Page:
_Headache In The Pelvis_ success story

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tom23

_Headache In The Pelvis_ success story

Post by tom23 » Fri Nov 07, 2003 2:14 am

Hi folks,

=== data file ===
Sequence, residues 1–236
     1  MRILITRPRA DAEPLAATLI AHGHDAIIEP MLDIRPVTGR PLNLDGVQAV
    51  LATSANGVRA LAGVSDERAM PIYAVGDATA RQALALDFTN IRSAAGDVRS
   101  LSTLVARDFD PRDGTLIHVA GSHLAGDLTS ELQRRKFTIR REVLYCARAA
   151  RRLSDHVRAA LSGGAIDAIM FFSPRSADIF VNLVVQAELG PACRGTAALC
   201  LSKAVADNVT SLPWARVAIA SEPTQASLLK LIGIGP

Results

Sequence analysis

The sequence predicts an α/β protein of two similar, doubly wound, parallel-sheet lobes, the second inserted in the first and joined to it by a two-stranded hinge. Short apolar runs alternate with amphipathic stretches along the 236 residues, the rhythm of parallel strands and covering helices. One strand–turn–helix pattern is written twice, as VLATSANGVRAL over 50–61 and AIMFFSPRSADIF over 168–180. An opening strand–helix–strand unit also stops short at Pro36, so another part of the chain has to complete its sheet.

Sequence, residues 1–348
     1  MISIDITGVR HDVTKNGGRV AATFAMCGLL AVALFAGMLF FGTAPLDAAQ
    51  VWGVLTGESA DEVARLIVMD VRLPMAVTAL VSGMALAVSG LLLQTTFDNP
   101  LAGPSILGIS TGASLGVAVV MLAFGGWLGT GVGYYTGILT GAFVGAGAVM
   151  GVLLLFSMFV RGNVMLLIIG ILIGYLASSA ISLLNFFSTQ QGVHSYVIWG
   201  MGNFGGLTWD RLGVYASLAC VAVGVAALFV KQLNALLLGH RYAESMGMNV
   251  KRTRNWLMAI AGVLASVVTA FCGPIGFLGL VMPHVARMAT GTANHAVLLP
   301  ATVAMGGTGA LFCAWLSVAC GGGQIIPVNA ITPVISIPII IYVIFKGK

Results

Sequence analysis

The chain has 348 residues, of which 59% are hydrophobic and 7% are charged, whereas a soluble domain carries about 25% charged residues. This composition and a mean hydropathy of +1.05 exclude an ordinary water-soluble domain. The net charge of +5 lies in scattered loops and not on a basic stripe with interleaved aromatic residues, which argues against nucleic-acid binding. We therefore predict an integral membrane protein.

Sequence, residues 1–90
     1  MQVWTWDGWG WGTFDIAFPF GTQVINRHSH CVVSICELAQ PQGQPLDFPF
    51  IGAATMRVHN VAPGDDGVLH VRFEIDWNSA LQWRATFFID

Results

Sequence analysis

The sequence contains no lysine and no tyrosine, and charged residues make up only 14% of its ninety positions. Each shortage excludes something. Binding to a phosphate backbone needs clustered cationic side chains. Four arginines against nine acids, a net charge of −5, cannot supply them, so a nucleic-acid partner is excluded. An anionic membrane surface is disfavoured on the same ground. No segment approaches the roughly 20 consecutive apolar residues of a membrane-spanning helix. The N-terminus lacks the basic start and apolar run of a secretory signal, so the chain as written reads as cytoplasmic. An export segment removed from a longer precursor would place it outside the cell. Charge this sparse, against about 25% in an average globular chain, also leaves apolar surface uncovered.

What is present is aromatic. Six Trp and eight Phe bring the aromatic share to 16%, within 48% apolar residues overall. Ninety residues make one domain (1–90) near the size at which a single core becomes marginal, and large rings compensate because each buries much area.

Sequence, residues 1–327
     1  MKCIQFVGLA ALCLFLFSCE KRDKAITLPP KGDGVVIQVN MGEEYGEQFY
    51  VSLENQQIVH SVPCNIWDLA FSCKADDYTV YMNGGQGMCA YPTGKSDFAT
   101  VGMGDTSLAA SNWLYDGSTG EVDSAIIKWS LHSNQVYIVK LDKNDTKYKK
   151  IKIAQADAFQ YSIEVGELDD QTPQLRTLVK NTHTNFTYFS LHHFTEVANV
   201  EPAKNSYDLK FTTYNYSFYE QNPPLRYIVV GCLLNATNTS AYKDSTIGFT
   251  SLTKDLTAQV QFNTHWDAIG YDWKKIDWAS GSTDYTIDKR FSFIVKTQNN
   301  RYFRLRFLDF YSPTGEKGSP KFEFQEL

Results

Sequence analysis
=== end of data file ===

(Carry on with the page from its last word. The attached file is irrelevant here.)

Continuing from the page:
I just wanted to let everyone here know that I wrote the story posted here in the success forum "A Headache in the Pelvis, case history number 1" and emailed it to David Wise. I am continuing to feel fantastic and my symptoms are still at an extremely minor level. Most days I don't even notice them. When I do notice them they are nowhere near as intense as they used to be and I treat them as a reminder to relax and try to manage my stress in a healthy way. I still have many sources of stress in my life - maybe even more than I had at the height of my symptoms - but that stress doesn't translate into symptoms the way it used to. I don't think of myself as being cursed anymore. When you are starting out with the protocol described in David's book there are a lot of ups and downs -- it's always two steps forward, one step back - don't get frustrated, be patient. It has been almost 3 years since I started on the program outlined in _Headache in the Pelvis_. I found both the physical therapy and the relaxation therapy to be essential to my healing. At first I found the relaxation to be inconvenient since you are supposed to do it every day -- even twice a day. I listened to the relaxation tapes which David made which are each 30-45 minutes long. I started off doing it a couple times a week, but David insisted that if I wanted it to be of substantial benefit that I needed to do it every day. Eventually I learned to enjoy it, despite the inconvenience it posed to my normal schedule. I practiced it twice a day (morning and night), along with physical therapy once a week. When I started to slowly get better I imagined that it was mostly the physical therapy that was helping me. It was indeed helping me I believe, but I rationalized it so I wouldn't have to do the relaxation as often. I wanted to believe that I could get by without the relaxation, but in retrospect the relaxation training was absolutely essential for me to get better (when I stopped the relaxation my progress would stall). Believe me folks, you can be holding an incredible amount of tension in parts of your body without even being aware of it. It takes A LOT of practice to learn to recognize the subtleties of this tension and to accept it. The act of accepting it is what gives it room to heal. There is no easy way to learn it. It is a skill, and like other skills you can become rusty over time without practice but if you have put in a lot of time in the first place to learn it well you can sharpen it again with a little effort and the relaxed state can eventually become your new baseline. I know it sounds odd to describe relaxation as a skill but that is really a useful way to describe it. Also when you learn it well it will spill over into the rest of your life outside of the times that you are practicing the deep relaxation. That is the whole idea. The relaxation tapes were excellent training wheels for me. I don't have to listen to them every day anymore. Also I found diaphragmatic/abdominal breathing to be very helpful and an important part of the relaxation. This is not discussed as much in the first edition of A HEADACHE IN THE PELVIS which I found surprising since David stressed it to me when I went to see him, but he informed me there will be more information about it in the second edition of the book. The gist is: breathe deeply and slowly with your stomach into your stomach and not with your chest. This stimulates the parasympathetic nervous system which relaxes you, while chest-breathing causes a "fight-or-flight" response which tenses your whole body and releases adrenaline. This also takes practice. Most people who work at a computer have a tendency to hold their breath while they're concentrating.